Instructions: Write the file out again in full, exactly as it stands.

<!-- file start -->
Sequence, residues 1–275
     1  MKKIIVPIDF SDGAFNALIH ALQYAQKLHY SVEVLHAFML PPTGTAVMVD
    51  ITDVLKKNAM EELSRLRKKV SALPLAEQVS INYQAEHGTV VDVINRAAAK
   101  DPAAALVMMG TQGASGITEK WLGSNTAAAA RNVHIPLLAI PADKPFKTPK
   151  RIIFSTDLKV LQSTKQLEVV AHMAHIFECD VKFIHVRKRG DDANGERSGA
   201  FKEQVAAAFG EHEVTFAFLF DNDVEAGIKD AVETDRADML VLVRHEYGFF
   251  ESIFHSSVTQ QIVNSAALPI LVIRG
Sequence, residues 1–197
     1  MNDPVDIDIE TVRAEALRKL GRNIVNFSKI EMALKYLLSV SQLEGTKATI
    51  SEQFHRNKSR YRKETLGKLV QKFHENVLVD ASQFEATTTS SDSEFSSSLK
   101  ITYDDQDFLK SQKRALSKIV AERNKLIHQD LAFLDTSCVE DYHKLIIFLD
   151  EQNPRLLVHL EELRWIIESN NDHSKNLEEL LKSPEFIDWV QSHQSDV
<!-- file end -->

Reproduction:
Sequence, residues 1–275
     1  MKKIIVPIDF SDGAFNALIH ALQYAQKLHY SVEVLHAFML PPTGTAVMVD
    51  ITDVLKKNAM EELSRLRKKV SALPLAEQVS INYQAEHGTV VDVINRAAAK
   101  DPAAALVMMG TQGASGITEK WLGSNTAAAA RNVHIPLLAI PADKPFKTPK
   151  RIIFSTDLKV LQSTKQLEVV AHMAHIFECD VKFIHVRKRG DDANGERSGA
   201  FKEQVAAAFG EHEVTFAFLF DNDVEAGIKD AVETDRADML VLVRHEYGFF
   251  ESIFHSSVTQ QIVNSAALPI LVIRG
Sequence, residues 1–197
     1  MNDPVDIDIE TVRAEALRKL GRNIVNFSKI EMALKYLLSV SQLEGTKATI
    51  SEQFHRNKSR YRKETLGKLV QKFHENVLVD ASQFEATTTS SDSEFSSSLK
   101  ITYDDQDFLK SQKRALSKIV AERNKLIHQD LAFLDTSCVE DYHKLIIFLD
   151  EQNPRLLVHL EELRWIIESN NDHSKNLEEL LKSPEFIDWV QSHQSDV